Monday 15 July 2024
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Nottingham

Nottingham cardiologists perform first new treatment for heart rhythm disorder

A team of cardiologists and cardiac surgeons have performed a new open chest procedure to treat a patient’s serious heart rhythm disorder – the first of its kind in the city’s hospitals and in the East Midlands.

The team from Nottingham’s Trent Cardiac Centre catheter lab based at Nottingham City Hospital, used Cardiac magnetic resonance imaging (MRI) to locate the cardiac scar causing the patient’s dangerous heart rhythm abnormality called ventricular tachycardia (VT). This information was used to plan the procedure before the operation and live electrical data from the patient’s heart was used to guide the procedure.

This, combined with the strength and expertise of the different teams’ specialist skills, led to a positive outcome for the 49-year-old male patient from Lincolnshire who has remained free from VT for 32 months following the procedure.

Consultant Cardiologist Dr Shahnaz Jamil-Copley and her cardiology, and cardiac surgical colleagues performed this hybrid ablation procedure – also known as catheter ablation – to treat scarring in the patient’s heart, which causes abnormal heart rhythms (arrhythmia). The procedure works by correcting certain types of arrhythmias by modifying the electrical pathways or channels which can cause dangerous cardiac arrhythmias.

The five-hour “hybrid” procedure, which was conducted in the Cardiac Catheter Laboratory within the Trent Cardiac Centre at Nottingham’s City Hospital rather than in a conventional cardiac operating theatre, has now been published as a case report in a leading cardiac medical journal, the European Heart Journal.

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Dr Jamil-Copley led the team that performed the demanding operation, which involved a multidisciplinary team including two cardiac surgeons, two cardiologists, a cardiac anaesthetist, cardiac technical and nursing teams.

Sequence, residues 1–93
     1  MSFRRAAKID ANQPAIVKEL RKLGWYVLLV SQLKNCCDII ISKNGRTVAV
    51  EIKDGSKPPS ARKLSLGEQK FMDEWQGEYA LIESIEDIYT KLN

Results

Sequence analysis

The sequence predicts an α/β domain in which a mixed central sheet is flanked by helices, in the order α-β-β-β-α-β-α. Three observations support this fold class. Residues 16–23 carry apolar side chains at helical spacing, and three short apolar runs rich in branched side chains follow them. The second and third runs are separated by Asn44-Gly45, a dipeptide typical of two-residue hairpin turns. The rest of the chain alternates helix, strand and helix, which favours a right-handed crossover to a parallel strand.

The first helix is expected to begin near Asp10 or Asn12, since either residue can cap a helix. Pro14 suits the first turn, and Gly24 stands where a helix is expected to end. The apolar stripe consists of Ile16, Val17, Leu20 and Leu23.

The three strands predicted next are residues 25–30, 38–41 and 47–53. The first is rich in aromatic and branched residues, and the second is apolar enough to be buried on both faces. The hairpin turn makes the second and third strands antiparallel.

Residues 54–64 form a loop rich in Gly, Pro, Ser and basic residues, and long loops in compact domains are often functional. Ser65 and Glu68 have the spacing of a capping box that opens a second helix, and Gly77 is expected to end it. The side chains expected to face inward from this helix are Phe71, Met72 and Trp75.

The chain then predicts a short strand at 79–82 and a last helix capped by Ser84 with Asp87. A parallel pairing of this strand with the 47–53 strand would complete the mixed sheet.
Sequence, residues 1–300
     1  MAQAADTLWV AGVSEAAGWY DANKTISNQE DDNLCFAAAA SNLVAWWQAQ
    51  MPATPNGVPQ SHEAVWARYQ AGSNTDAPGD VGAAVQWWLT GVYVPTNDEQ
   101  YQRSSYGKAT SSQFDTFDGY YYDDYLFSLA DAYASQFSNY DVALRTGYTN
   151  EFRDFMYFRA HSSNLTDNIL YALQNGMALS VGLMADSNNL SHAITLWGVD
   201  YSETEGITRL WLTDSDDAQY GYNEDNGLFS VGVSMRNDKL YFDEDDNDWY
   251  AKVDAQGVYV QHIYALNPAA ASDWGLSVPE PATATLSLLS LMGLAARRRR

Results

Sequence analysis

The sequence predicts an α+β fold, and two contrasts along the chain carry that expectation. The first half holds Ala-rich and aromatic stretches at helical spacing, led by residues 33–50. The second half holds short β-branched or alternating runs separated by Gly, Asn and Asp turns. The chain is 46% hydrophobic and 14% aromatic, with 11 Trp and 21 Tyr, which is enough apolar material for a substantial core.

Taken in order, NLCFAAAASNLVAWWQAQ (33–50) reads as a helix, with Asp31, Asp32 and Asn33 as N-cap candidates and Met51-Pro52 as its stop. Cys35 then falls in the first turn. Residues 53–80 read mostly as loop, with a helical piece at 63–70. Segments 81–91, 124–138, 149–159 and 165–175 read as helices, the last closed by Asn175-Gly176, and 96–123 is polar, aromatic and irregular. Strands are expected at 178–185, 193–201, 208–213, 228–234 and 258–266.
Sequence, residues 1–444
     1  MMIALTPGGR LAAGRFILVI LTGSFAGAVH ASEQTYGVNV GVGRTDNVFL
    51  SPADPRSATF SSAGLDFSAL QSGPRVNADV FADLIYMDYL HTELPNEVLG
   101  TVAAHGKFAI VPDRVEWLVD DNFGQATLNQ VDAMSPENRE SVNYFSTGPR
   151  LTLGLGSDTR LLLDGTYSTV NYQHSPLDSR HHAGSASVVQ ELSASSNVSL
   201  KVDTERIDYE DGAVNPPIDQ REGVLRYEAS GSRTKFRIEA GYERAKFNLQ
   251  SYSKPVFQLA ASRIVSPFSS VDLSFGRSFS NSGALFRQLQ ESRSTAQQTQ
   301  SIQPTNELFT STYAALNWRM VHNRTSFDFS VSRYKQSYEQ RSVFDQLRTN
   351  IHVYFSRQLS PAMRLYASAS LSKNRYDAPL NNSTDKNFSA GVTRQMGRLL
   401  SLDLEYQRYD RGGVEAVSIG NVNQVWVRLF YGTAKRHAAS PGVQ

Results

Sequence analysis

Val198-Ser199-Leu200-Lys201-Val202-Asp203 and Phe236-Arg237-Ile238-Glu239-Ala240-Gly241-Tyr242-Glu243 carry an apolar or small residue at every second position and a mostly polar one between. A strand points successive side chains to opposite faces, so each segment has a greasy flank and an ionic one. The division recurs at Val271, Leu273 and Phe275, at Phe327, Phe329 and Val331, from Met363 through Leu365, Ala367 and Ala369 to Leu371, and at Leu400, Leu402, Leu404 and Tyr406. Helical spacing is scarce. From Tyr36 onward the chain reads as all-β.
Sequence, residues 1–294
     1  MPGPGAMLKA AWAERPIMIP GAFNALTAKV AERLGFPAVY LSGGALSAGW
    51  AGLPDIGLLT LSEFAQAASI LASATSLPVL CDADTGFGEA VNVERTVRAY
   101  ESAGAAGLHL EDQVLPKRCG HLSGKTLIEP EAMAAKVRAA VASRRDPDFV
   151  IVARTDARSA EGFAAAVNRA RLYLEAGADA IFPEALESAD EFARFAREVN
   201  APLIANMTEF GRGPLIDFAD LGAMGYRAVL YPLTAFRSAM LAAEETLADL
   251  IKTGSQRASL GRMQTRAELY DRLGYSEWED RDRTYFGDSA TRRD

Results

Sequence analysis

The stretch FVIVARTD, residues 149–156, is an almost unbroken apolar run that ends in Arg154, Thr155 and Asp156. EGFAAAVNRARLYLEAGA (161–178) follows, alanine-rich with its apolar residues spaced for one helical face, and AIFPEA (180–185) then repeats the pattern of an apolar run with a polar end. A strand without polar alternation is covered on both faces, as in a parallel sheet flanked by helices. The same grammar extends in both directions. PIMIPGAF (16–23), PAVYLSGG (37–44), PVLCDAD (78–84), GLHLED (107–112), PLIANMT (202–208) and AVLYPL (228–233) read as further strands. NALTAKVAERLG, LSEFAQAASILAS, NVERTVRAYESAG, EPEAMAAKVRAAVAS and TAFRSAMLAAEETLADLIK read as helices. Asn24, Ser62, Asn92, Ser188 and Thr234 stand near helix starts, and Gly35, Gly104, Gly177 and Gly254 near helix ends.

Dr Jamil-Copley commented: “This was a highly innovative procedure to treat a challenging medical condition replacing the traditional percutaneous (passing through the skin) access to the heart, which had previously been tried but had failed with this patient.

“Recurrent ventricular tachycardia and ICD shocks were having a significantly negative impact on this patient, leading to them needing regular hospital admissions. The most important outcome here is that our patient has remained free of VT and we have been able to stop the poorly tolerated drugs being used to treat his condition. This has meant a major benefit to the patient’s quality of life.”

The European Heart Journal report written by the Nottingham team, is the first case study to describe the practicalities, safety and feasibility of this hybrid procedure which performed in a cardiac catheter laboratory solely to treat ventricular tachycardia.

The procedure has been performed in other hospitals in the UK and United States on heart transplant patients who were having their chests opened for other medical reasons. However, the Nottingham procedure was a “first” because it was for the sole treatment of VT and used live electrical data with surgical tools and techniques to give it the best chance of success.

The patient was initially admitted to the Trent Cardiac Centre after recurrent VT required frequent defibrillator shocks from their implantable cardiac device (ICD), despite being on the maximum permitted dose of multiple cardiac drugs.

Standard cardiac catheter ablation for VT is performed using tubes placed through the veins in the groin or through the front chest wall with catheters, X-rays and 3-D mapping systems used to locate the scar and burn the abnormal areas causing trouble.

When this procedure was tried but proved unsuccessful for this patient, they chose the more radical method of reaching the heart by opening the patient’s sternum, which provided direct access and greater visibility of the area of scar.

The Nottingham City cardiac MRI team have worked hard to establish an advanced imaging “protocol” which improves visualisation of scar tissue in the heart compared to historic protocols. Before this patient underwent his hybrid surgical ablation procedure, the team performed an MRI scan, which located the patient’s cardiac scar and helped guide the surgical team in planning the procedure.

One of the major benefits of performing the procedure in the Cardiac catheter laboratory was the ability to capture and use the live electrical data from the patient’s beating heart to map and guide cryoablation (freezing) therapy of scar tissue. Direct visualisation of the area allowed the team to stay safe by avoiding structures around the heart like the coronary arteries during this precision treatment approach.

  • The European Heart Journal case report is available at:

 https://doi.org/10.1093/ehjcr/ytad223

 

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